Entry in the ADHD drugs market: Welfare impact of generics and me-toos
Recent years have seen the growing popularity of drugs designed to treat attention deficit hyperactivity disorder (ADHD), and the number of patients, scripts, and revenues has been steadily increasing. By the mid-1990s there were already several branded drugs marketed for this disorder, as well as numerous generic formulations. With the expansion of the market in the late 1990s and early 2000s, new formulations (the so called `me-too' drugs) entered and caused dramatic changes in the distribution of market shares among available drugs. Using detailed sales data on psychostimulant drugs used to treat ADHD, we are able to identify and measure substitution patterns across a range of drugs. We find that the demand for ADHD drugs is fairly elastic and there are significant substitution possibilities among these drugs. Using estimates from demand parameters, we show that the first-time introduction of a generic drug can have large welfare gains due to the expansion of the market to price sensitive consumers. Additionally, the welfare gains due to the introduction of me-too drugs vary by the novelty of the drug, and for significantly new varieties can be larger than those of the introduction of a generic. Our results bear policy implications for both the speed with which new drugs are approved for marketing as well as for actions among pharmaceutical firms that may delay the entry of a generic drug.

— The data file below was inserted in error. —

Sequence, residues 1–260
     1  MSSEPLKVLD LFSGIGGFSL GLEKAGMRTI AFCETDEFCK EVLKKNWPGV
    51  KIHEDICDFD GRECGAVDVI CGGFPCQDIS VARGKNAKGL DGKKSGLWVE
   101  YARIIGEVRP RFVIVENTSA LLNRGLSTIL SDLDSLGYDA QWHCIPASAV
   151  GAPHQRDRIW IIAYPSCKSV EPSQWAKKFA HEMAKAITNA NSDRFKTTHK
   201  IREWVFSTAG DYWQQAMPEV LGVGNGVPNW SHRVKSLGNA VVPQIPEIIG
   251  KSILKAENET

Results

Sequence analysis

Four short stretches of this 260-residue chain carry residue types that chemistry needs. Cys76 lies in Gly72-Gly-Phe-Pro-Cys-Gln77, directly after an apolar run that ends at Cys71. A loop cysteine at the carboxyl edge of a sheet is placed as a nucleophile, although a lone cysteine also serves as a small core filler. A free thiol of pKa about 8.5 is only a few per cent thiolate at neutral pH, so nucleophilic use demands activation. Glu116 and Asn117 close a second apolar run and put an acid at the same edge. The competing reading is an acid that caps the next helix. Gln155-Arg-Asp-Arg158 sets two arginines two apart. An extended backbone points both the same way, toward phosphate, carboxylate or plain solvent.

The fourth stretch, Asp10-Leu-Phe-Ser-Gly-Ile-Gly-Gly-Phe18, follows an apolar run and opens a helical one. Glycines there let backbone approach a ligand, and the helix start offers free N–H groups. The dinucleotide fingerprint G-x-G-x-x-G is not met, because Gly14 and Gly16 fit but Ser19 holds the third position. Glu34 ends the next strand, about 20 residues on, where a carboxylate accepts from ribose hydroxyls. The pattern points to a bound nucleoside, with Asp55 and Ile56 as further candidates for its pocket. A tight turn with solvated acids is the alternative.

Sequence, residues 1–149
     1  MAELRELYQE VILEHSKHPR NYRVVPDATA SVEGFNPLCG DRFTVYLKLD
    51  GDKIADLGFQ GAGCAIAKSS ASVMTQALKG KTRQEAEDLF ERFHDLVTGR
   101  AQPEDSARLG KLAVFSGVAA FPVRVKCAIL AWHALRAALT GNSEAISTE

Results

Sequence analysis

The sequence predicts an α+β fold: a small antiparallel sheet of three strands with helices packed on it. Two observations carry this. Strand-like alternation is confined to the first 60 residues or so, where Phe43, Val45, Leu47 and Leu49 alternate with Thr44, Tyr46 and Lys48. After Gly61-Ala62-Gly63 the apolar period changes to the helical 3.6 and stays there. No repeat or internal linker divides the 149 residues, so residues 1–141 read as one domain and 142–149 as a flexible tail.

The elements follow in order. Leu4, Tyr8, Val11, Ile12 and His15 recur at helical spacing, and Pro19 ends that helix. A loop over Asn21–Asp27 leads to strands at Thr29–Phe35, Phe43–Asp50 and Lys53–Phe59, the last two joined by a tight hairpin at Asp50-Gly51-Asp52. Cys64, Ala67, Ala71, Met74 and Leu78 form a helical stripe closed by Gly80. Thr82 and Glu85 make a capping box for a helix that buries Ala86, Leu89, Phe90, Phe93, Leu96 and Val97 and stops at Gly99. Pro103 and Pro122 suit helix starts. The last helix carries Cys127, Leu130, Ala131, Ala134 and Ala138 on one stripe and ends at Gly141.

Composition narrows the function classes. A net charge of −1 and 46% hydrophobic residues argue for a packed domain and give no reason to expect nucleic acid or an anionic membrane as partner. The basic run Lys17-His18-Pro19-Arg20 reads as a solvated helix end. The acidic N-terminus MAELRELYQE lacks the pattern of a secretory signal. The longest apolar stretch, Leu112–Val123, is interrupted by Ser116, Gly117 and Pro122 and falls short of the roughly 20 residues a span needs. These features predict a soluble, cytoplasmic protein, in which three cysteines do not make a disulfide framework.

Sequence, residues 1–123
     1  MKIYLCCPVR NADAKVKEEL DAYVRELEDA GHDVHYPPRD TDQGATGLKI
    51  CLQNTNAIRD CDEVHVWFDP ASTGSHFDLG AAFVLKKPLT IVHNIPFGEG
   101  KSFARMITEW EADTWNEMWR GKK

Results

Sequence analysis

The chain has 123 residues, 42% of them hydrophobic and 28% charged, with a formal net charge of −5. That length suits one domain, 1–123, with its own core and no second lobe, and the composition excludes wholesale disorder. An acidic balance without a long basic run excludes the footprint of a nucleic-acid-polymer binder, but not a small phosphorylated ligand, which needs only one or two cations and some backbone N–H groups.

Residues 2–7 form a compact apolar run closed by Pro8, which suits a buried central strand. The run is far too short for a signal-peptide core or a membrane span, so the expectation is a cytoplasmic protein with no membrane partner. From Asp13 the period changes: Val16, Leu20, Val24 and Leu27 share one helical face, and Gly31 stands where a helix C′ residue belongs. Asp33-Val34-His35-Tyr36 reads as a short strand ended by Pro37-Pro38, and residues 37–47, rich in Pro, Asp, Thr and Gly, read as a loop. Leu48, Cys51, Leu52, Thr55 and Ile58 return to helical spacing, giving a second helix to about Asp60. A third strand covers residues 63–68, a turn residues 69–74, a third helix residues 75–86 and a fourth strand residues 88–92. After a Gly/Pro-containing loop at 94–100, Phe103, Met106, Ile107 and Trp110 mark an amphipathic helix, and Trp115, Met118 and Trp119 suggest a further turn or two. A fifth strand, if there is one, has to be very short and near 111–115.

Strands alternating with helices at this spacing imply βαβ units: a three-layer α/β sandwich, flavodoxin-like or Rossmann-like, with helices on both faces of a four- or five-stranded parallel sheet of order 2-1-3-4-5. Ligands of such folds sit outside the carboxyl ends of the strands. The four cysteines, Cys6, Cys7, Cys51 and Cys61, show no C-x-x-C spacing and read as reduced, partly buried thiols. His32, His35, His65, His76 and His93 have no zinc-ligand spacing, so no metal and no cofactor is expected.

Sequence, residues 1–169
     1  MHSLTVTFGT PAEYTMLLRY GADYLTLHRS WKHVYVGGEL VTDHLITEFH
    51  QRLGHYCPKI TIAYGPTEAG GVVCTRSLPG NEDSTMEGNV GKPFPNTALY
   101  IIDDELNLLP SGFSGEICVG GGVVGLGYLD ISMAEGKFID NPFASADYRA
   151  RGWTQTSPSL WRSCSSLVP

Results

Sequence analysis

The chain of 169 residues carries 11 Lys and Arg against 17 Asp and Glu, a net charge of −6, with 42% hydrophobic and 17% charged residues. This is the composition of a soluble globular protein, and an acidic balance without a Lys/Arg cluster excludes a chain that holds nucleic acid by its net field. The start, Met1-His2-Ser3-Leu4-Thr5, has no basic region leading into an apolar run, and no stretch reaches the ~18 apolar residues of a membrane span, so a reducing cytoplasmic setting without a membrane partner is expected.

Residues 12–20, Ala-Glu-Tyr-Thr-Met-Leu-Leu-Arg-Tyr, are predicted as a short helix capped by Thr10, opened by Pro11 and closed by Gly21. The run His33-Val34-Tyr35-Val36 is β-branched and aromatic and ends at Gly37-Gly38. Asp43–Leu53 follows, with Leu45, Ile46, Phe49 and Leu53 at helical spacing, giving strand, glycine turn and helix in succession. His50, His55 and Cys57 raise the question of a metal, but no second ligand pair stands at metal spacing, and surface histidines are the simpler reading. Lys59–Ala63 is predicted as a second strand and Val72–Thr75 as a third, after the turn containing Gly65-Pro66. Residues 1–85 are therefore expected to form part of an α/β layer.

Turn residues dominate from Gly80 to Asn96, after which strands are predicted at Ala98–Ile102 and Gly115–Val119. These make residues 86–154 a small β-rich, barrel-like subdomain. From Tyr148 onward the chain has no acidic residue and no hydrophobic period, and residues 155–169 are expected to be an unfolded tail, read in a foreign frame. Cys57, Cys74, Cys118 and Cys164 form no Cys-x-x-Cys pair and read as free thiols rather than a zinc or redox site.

|Date of creation:||May 2009|
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